What’s your biological age? Since having a kid several months ago, I feel like mine has shot up by about a decade. But other factors — like exercise and diet — are also important.
But what if you could somewhat comfortably live to be 150? Getting there may not have much to do with lifestyle choices like exercise and diet but how you react to the stressors of life (whether it be a new baby or following Arsenal FC). It’s the subject of our lead story today. Keep scrolling to read more on this brand-new research that suggests a dramatic scenario for future generations.
I’m Nick Lucchesi, editor-in-chief at Inverse.
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Programming note: We are off for the long weekend. Inverse Daily returns Wednesday, June 2, 2021.
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Scientists identify the key to extending human life — A study in the journal Nature Communications combines data from blood analyses and information about physical exercise to identify a new measure influencing “biological age”. (People on Apple News apparently loved this one.) Here’s a clip from Sophie Putka:
The idea that we could extend our lifespan far beyond a century conjures images of humans stored in cryogenic chambers and decapitated heads preserved in jars, kept alive by whirring machines. In other words, science fiction.
But if a new study published this week in the journal Nature Communications is anything to go by, such a dramatically extended lifetime is not fantasy at all. The study combines data from blood analyses and information about physical exercise to identify a new measure of “biological age”.
More health science:
- How quickly do we become unfit? Health experts reveal the number of weeks
- Trees are good for human health in one strange, unexpected way
- 5 scientific reasons why being in nature is good for the brain
“Watermelons are just fascinating,” biologist Susanne S. Renner earnestly tells Inverse.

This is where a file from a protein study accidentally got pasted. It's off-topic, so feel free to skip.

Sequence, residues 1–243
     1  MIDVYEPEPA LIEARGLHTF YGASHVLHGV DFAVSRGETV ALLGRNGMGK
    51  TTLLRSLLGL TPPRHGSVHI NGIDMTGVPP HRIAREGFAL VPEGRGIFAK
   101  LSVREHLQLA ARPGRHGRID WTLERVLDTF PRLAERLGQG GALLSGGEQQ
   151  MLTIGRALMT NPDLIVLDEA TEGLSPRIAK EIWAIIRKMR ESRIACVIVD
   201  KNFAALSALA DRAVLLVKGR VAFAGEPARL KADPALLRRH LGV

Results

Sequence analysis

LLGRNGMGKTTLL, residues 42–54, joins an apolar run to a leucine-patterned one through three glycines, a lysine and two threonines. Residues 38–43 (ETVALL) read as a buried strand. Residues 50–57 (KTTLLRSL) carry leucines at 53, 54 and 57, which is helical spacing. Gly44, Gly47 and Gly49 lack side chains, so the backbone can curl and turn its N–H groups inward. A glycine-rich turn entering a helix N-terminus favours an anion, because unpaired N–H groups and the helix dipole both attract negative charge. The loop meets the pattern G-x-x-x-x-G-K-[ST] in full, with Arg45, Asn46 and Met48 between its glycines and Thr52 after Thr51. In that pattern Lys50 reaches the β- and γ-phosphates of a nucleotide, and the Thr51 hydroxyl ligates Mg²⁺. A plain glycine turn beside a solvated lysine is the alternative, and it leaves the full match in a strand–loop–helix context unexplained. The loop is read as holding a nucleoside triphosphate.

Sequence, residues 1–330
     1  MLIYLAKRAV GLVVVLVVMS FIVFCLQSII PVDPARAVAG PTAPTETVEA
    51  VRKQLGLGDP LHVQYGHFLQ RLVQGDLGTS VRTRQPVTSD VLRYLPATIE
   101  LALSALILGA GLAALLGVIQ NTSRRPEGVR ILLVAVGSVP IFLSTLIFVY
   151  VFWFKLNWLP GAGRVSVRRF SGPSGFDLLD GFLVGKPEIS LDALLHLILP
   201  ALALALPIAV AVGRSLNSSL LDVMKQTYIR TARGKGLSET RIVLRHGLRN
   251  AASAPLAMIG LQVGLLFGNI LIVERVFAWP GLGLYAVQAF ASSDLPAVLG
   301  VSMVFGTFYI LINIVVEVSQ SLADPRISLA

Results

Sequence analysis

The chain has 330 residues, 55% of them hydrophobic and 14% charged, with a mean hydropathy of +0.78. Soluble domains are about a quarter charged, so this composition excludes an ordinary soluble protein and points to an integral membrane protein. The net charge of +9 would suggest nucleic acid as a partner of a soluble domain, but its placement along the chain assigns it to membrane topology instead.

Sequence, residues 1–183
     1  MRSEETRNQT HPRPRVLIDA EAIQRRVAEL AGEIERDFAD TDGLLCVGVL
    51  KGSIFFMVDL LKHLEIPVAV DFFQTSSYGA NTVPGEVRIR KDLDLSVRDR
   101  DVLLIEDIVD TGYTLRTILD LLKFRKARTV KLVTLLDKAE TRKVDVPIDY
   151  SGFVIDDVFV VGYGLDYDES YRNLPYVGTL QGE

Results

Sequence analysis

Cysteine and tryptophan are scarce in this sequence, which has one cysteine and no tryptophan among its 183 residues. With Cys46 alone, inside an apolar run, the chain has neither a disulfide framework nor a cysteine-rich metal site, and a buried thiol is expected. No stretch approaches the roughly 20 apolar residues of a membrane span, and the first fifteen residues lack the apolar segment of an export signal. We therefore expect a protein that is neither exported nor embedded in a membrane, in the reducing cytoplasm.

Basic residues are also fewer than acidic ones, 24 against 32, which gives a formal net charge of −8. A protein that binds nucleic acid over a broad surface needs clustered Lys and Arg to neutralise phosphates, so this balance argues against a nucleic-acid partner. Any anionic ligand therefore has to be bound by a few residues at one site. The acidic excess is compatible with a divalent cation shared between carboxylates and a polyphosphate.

She should know. Currently an honorary professor of biology at the University of Washington, Renner is the lead author of a new study published this week in the journal Proceedings of the National Academy of Sciences that rewrites the origin story of everyone’s favorite summer fruit.
Renner and her colleagues’ findings reveal how the watermelon got its evolutionary groove and became the sweet, sticky, brilliant superstar of the summer barbecue.
“[Watermelons] have long played a huge role, culturally and biologically,” Renner says. Yet as invested as we may be in these fruits today, their past speaks to another, seedier aspect of America’s culinary history.
- Scientists are unraveling a fruit bat mystery
- How this company went from a few farms to filling up frozen food aisles
- Scientists are unraveling a fruit bat mystery
Teenage Mutant Ninja Turtles devastated actual turtles — During the height of “Turtle Mania,” red-eared sliders were shipped all over the world as pets, but a lot of them didn’t stay in their tanks. Brian Vanhooker is the writer of this newest feature:
The turtle-dumping problem was never more pronounced than during the height of popularity for Teenage Mutant Ninja Turtles, the animated TV series. During the late ‘80s and early ‘90s, the dumping of pet turtles around the world got so bad it resulted in millions of homeless turtles and changed turtle ecology all over the planet.
In 1975, the turtles-as-pets trend saw a steep decline after the sale of red-eared sliders smaller than four inches was banned in the United States due to salmonella.
Enter Kevin Eastman and Peter Laird who, in 1984, created the Teenage Mutant Ninja Turtles. Designed as a parody of Daredevil, the Ninja Turtles were an independent comic that caught the attention of a marketing genius named Mark Freedman who brought the Turtles to a toy company called Playmates. Playmates then helped get a cartoon developed and the rest, as they say, is history.
- Last Ronin: TMNT returns to its roots for a cyberpunk revenge
- A sea turtle superpower may be the reason they're dying
- Here’s an unprecedented look at how sea turtles make 500-mile journeys
Mars rovers: 5 things you don’t realize until you drive one — Vandi Verma has been working on Mars time since 2008. Here are five critical life lessons she has learned along the road. Passant Rabie has the story.
The moment she finishes her shift on Mars, Vandi Verma takes a second to reorient herself. She gazes out at the Red Planet, locating the faintly twinkling Sun in the night sky. Then, she comes back to Earth. Verma’s work on Mars is the driving force behind the Mars 2020 rover. As the chief engineer for robotic operations for NASA’s Perseverance rover, she spends her days immersed in a world of Martian terrain.
She even operates on “Mars time” here on Earth. With her feet firmly planted on Earth but her brain on Mars, where she has driven rovers for the last 13 years, she’s gained a rather unusual view of our place in the universe: “You’re literally looking from the rover’s perspective,” Verma says.
- 5 major differences between Perseverance and China’s Zhurong Mars rover
- The wild story behind one man’s fight to prove there is life on Mars
- A volcanic eruption on Mars could help us find life on the planet
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- Before we go, happy birthday (🎂) to these folks: Jamie Oliver (46), Siouxsie Sioux (64), Chris Colfer (31), Henry Kissinger (98), Andre 3000 (46). (Source: AP.)